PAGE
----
He is a brave and confident little dog who can be quite willful! He still has a dignity about him and obviously believes the devotion was deserved and still is. He is protective and loyal and will need firm but positive training methods. The trick to getting him to do what you want is to make him think it is what he wanted all along!

The Beagle

You can find Beagle like dogs back in Roman times but the actual Beagle we have now cannot be traced back that far. As with a lot of dogs his history is a little confused. In the mid 1800s you can see the starting of the Beagle we know today when they were bred for their hunting skills.

Today the Beagle has a gentle nature and will often make you laugh with their antics, but will also make you cry from their mischief! They are tricky things that are good at not listening or obeying you. He loves to follow a scent and is great with children - they get up their mischief together!

Temperament

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The Peagle is an intelligent and affectionate dog who loves to play, is super friendly and confident and has to be at the center of everything. As well as being very social he is excellent with children and good with other dogs and animals too with socialization. He has a very inquisitive nature and loves to investigate. While he will cuddle with you he is also happy to be busy exploring and being nosy. The Peagle is a loyal dog too and he can be protective but gentle. His even temperament makes him an easy dog to have around and his playfulness can be very entertaining.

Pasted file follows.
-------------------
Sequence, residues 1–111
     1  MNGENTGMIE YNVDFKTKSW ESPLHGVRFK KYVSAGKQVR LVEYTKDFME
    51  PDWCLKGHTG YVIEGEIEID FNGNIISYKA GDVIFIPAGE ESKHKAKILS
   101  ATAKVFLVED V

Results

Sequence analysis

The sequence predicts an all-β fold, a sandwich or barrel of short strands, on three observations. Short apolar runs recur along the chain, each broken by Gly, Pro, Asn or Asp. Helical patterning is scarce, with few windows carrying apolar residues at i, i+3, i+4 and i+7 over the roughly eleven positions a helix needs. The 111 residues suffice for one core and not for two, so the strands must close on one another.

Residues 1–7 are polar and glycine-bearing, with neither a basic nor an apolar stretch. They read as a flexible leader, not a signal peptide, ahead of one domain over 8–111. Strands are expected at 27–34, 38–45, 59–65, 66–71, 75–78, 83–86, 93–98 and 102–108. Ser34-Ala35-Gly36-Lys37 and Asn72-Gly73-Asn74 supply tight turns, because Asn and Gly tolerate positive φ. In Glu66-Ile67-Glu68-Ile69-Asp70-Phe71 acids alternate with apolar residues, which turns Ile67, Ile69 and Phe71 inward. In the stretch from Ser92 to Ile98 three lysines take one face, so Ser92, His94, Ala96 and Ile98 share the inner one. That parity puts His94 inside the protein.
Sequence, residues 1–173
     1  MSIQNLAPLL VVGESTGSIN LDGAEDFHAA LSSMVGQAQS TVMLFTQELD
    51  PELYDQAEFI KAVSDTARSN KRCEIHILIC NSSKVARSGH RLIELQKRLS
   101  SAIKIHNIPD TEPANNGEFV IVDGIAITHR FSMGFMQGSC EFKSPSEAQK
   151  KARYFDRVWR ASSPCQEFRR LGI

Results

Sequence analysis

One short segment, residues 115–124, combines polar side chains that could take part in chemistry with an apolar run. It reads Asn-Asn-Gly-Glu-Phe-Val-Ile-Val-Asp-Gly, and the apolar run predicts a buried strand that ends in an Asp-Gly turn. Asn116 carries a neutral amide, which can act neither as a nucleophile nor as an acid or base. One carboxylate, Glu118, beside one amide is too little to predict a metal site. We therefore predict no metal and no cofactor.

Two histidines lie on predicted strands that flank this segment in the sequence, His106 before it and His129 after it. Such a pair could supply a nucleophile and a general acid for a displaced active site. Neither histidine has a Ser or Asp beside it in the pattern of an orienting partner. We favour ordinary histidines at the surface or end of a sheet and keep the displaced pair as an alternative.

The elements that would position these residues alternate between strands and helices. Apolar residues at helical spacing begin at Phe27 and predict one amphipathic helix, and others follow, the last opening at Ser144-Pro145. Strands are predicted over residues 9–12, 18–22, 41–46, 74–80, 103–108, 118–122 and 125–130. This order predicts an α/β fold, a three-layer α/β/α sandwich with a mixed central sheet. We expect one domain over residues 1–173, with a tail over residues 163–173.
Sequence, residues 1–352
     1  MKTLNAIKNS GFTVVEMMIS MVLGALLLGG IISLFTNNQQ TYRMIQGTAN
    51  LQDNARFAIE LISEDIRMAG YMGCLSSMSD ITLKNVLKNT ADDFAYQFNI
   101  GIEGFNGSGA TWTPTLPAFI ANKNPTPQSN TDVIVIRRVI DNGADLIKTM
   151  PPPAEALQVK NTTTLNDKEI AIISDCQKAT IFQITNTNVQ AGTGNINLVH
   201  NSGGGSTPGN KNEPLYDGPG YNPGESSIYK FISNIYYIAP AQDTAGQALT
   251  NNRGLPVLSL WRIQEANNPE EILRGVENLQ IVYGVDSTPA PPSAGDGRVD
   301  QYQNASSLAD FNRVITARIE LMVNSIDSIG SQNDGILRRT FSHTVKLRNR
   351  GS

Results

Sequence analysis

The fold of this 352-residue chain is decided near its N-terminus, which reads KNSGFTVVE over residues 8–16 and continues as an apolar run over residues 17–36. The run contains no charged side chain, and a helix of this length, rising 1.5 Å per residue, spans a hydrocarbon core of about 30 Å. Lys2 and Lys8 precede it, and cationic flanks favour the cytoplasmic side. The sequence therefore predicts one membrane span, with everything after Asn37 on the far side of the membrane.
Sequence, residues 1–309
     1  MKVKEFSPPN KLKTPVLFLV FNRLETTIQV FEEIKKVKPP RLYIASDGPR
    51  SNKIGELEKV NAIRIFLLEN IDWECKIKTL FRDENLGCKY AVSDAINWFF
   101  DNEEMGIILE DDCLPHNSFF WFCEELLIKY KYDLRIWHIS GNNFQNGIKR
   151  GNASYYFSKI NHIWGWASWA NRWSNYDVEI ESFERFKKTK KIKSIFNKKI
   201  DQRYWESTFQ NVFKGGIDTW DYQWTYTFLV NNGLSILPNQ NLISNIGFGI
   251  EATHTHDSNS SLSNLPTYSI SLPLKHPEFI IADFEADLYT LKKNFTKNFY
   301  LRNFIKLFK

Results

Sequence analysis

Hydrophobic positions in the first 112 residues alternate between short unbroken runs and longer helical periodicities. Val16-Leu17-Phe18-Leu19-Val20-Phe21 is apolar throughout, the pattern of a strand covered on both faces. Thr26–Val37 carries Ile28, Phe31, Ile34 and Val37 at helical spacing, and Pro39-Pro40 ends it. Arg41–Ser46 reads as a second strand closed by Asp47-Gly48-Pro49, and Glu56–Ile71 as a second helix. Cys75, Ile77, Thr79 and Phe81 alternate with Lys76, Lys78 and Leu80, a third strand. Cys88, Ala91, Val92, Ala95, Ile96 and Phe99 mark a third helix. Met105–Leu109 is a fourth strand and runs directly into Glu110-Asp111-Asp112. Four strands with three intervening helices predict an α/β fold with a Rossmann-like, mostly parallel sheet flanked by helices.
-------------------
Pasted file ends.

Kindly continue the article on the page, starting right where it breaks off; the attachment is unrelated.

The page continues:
What does the Peagle look like

The Peagle is a small to medium dog weighing 13 to 18 pounds and measuring 6 to 16 inches in height. He has flappy ears, a round head and well set eyes. He can really look like either parents including his coat which can be long and soft like the Pekingese or short like the Beagle's. Common colors for the Peagle include cream, brown and black or a combination of those.

Training and Exercise Needs

How active does the Peagle need to be?

He is a moderate to fairly active dog. He can adapt to apartment living as long as he gets out and about every day with you. Ideally though he would have access to a small to average sized yard to play in. He would love trips to the dog park, a couple of walks around the neighborhood a day, play time both indoors and out. The walks do not need to be super long, 10 to 15 minutes each should be sufficient. He loves to play so have plenty of toys you can rotate through so that he stays interested in them and make sure some are mentally challenging. Some Peagles have that chasing instinct so it may be best to keep him leashed.

Does he train quickly?

The Peagle is moderately easy to train so while he will not be quicker than most dogs he will not be slower either. He is smart but it is important to keep his training consistent, positive and engaging. Praise him and and reward him when he gets it right. Use treats to help the process and be firm on how you give commands. Do not punish him and avoid getting impatient. Early socialization and training are important to have him become the best dog he can be. It improves not just how he behaves but his overall temperament, how he interacts with other people and animals, and how he deals with different locations and situations.

Living with a Peagle

How much grooming is needed?